There will be an untold number of electronic devices tuned into the NCAA men's basketball tournament and stealing from a productive work environment starting Thursday. The champion will be crowned April 8 in Atlanta. Across the country people are investing time, labor or luck filling out their brackets for the The Big Dance. Some money will be won and a lot more will be lost. It is one of the most emotionally charged sports events of the year.
There seem to be three categories for doing the brackets:
Who wants to buy one of the NCAA teams for a couple of bucks? (the popular one)
Some offices have set up pools for co-workers to buy a random team instead of filling out a bracket. Your selection is for the tournament’s duration and if you are lucky, the final outcome of the championship earns the cash. Of course, when you are doing a blind draw, pulling a Number 1 seed (Louisville, Kansas, Gonzaga, and Indiana) or Number 2 seed (Miami, Duke, Georgetown and Ohio State) makes you feel confident for a winner in the NCAA title game. If you get a 16th seed team, you can forget about it. People who participate in this type of pool know it is mostly a matter of luck. It is a way to participate without even having a clue about the game or the teams. You'll find college alumni of a school root for a team they wouldn't normally care about or may be a rival. It also gets you to watch a game that maybe you wouldn’t bother viewing otherwise.
I should have been a player or a coach since I know the game so well. (the hard-core one)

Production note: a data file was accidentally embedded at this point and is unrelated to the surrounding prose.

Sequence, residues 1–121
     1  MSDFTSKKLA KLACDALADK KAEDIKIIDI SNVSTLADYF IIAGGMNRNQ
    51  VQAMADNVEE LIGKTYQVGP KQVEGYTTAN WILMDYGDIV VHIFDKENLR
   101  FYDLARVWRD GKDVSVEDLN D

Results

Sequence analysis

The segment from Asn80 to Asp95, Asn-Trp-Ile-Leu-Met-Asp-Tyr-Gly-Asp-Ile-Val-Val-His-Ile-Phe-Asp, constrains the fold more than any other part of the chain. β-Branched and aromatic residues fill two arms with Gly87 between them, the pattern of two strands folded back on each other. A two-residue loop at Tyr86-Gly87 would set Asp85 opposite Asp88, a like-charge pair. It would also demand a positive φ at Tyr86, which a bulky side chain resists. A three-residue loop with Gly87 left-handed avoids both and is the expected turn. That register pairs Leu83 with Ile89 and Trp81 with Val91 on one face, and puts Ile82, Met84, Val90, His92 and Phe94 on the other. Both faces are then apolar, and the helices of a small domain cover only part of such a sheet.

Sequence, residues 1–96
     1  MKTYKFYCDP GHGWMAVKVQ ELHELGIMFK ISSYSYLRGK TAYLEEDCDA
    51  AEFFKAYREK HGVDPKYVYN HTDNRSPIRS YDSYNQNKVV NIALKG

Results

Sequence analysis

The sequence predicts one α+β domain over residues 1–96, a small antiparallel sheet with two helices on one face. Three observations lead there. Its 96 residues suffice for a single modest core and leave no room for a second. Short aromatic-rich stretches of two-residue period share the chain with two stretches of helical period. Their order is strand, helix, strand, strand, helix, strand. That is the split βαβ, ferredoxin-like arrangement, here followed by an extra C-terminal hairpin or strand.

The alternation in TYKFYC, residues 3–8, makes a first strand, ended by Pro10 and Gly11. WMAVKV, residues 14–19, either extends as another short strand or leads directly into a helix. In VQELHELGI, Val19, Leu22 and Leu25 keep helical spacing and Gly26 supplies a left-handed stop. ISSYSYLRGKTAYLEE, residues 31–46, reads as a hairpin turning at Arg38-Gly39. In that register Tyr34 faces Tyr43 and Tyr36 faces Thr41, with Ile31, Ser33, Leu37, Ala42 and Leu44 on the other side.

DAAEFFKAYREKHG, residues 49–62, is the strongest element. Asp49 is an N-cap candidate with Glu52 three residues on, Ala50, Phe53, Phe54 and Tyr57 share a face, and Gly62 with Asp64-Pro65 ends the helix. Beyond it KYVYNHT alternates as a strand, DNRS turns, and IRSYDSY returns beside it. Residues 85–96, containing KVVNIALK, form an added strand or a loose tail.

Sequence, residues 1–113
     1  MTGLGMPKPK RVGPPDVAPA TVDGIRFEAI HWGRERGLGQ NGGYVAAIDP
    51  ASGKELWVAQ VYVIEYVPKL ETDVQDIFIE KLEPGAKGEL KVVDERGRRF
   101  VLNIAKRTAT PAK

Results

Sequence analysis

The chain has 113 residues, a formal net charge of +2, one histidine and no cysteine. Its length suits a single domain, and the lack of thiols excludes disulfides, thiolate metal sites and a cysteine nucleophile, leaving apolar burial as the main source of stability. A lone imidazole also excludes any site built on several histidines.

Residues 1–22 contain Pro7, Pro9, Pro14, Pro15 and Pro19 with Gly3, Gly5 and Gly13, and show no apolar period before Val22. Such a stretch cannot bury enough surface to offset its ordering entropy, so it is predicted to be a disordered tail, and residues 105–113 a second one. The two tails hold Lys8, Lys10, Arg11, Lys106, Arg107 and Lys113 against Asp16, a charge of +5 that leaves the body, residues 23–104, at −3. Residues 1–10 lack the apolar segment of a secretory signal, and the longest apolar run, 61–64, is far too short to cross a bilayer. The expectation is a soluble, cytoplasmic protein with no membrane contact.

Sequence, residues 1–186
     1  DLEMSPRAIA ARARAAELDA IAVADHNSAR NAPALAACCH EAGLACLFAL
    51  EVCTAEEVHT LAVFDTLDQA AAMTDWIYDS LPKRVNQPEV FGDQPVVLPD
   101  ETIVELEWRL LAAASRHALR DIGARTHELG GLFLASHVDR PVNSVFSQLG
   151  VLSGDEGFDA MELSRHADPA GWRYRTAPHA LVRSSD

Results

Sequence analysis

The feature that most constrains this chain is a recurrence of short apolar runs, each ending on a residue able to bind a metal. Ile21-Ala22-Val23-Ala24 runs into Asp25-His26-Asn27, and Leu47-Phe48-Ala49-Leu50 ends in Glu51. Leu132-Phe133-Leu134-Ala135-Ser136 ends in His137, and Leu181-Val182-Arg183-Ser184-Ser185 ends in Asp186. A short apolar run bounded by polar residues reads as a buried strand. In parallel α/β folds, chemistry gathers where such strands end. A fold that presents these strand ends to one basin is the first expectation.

The NCAA basketball pools that people really sink their teeth into is the selection of teams through the rounds, right to the Final Four and the eventual Championship. This is where everyone believes they are a master of picking the winners. Some participants will pour over every team and delve into every stat and try to get their hands on every morsel of information. This is for the real college basketball junkie: What did the team do in the past ten games, who is hot, what region are they playing, what is the team’s travel, are they from a strong conference, did the selection committee give them a proper seeding, does this team have a great x’s and o’s coach, are there NBA caliber players on the squad, is it an up-tempo team or is it a physical team?
Hey the Internet has the bracket and I can ask my wife/husband who to pick (the casual one)
This is a perfect vehicle to make selections when you work from home and can be wrong and no one will find out. The casual fan will get involved with this pool and sometimes the randomness of picking the winners pays off. You can be safe with your NCAA selections and choose the favorites throughout. Maybe it’s your alma mater. It could be a parent picking where they send their kids (and money) to college. You probably won't win since there are always upsets that will implode your bracket (Hint: a #12 seed usually trips up a #5 seed. Think Oregon.). If you don't have the knowledge you can find someone who will do it for you.
This is when there is a tap on my shoulder and a sheet put in my hand as my husband asks, “Will you fill this out for me?”